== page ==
Sélection d'articles
1 mars 2008
Artweek
Debra Koppman
Gottfried Helnwein
"I Walk Alone", Gottfried Helnwein, one man show at Natalie and James Thompson Art Gallery, San Jose State University
Gottfried Helnwein’s exhibition I Walk Alone is pretty unnerving, and that is his point. Large-scale photo-realistic paintings confront the viewer like a series of film stills forming a bizarre and disturbing sequence of nightmares. Using digital photography and computer-generated images combined with classical painting techniques, many of the images are only black and white, while others use one additional color, such as red, to dramatic and horrifying effect. The images might be seen as bits of individual stories, or pieced together in a variety of frightful ways, or seen as a generalized narrative of brutality and terror, in which innocence is perhaps relative. We are all implicated in Helnwein’s unfolding dramas.
Since the images both emerge from and reference photographs, they play with perceived reality, even while appearing as staged scenes. Connecting to theater in this way, the images then seem to be stand-ins for horrific occurrences, rather than photographically documented accounts. Storytelling of the most gruesome sort is evoked, using conventions of both theater and photography.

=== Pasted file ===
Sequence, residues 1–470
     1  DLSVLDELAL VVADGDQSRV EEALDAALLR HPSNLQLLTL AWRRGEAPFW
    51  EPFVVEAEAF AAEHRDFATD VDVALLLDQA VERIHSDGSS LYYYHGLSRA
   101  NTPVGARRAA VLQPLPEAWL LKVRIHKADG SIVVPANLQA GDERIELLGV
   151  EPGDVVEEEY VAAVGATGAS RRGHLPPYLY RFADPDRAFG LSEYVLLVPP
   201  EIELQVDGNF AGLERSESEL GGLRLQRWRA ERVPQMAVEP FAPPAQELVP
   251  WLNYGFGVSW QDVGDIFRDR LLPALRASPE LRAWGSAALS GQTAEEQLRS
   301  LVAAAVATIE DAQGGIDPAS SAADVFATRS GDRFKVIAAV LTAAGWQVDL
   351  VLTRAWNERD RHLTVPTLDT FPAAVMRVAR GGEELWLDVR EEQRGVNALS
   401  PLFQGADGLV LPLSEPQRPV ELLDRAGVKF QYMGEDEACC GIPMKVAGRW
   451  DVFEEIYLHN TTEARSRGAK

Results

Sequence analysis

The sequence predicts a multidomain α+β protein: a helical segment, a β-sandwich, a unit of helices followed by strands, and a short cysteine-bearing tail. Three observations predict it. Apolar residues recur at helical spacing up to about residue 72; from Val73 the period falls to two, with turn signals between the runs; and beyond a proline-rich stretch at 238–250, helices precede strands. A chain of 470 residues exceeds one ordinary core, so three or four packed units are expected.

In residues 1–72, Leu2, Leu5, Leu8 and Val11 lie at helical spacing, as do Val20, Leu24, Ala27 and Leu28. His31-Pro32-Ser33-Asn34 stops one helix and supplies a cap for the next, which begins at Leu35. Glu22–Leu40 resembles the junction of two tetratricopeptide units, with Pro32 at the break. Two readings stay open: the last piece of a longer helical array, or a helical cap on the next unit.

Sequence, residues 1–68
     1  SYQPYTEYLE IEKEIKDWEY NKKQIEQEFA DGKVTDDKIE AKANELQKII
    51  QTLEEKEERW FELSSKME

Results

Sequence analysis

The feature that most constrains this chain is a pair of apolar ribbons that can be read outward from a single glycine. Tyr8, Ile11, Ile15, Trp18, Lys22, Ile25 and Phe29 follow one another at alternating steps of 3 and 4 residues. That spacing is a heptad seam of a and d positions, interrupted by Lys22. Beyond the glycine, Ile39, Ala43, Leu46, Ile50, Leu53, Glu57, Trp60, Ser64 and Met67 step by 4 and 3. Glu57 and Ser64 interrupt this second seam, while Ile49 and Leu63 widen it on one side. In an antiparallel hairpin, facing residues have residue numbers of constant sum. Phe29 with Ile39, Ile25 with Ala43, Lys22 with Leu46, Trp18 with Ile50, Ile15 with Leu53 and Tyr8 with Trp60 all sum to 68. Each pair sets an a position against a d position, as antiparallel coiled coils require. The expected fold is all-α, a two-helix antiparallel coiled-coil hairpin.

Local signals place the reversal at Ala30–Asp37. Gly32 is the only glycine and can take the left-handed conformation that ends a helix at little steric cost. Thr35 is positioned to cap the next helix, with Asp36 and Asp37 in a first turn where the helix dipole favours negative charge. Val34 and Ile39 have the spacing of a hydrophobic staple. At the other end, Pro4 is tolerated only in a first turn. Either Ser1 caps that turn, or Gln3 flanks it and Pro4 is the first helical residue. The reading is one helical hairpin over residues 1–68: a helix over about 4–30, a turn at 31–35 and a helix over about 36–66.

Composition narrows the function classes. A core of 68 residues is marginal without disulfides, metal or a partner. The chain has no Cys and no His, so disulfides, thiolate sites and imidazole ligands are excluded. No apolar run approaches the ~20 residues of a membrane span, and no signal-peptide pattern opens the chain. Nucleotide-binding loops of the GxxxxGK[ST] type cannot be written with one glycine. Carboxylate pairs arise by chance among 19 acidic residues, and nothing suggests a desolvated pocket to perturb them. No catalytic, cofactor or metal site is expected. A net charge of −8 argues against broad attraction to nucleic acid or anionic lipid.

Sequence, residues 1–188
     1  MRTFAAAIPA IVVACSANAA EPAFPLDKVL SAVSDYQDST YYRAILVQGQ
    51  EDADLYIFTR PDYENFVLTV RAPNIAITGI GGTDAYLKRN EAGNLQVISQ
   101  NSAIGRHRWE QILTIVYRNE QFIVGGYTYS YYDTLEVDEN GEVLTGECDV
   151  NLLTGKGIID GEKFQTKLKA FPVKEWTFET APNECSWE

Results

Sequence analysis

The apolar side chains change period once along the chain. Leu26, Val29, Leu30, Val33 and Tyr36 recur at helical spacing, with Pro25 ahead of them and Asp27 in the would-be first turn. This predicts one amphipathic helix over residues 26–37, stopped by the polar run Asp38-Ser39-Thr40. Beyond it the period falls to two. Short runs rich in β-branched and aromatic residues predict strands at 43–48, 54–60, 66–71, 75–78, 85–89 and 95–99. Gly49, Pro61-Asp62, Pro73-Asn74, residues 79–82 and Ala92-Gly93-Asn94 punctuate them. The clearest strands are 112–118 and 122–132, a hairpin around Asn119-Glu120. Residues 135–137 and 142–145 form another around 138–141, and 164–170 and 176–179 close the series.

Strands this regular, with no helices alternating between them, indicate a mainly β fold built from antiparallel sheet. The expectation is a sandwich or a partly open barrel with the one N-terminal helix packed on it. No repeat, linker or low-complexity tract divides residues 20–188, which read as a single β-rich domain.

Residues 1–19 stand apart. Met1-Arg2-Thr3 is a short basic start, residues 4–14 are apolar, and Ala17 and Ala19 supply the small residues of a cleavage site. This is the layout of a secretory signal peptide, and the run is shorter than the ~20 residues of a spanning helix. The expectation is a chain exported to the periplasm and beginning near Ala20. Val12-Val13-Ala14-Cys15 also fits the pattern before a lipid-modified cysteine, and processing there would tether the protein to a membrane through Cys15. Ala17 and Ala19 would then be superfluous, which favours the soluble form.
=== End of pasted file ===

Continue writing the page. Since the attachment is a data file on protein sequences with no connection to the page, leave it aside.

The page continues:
A small girl, wearing a white nightgown, stands near a bed covered in a white sheet. A small plastic doll lies on the bed, presumably tossed aside. The only color besides the photographic black and white is the red dripping down from her wrapped head and her wounded shoulder. Another small girl, blindfolded and dressed in a sleeveless white T-shirt and a white billowy skirt swirls about a blurry, darkened room, filled with a field of fallen figures. A semicircle of formally suited, male figures stand around a small table. The men’s faces are all distorted composites, many seeming to have some resemblance to Hitler. A small girl, sleeping perhaps, or dead, lies hanging off the edge of the table.
The images might be seen as bits of individual stories, or pieced together in a variety of frightful ways, or seen as a generalized narrative of brutality and terror, in which innocence is perhaps relative. We are all implicated in Helnwein’s unfolding dramas.

Gottfried Helnwein: I Walk Alone will be on view through April 4 at Natalie and James Thompson Art Gallery, San Jose State University, One Washington Square, San Jose.
I Walk Alone
mixed media (oil and acrylic on canvas), 2003
The Disasters of War 3
mixed media (oil and acrylic on canvas), 2007, 200 x 293 cm / 78 x 115''




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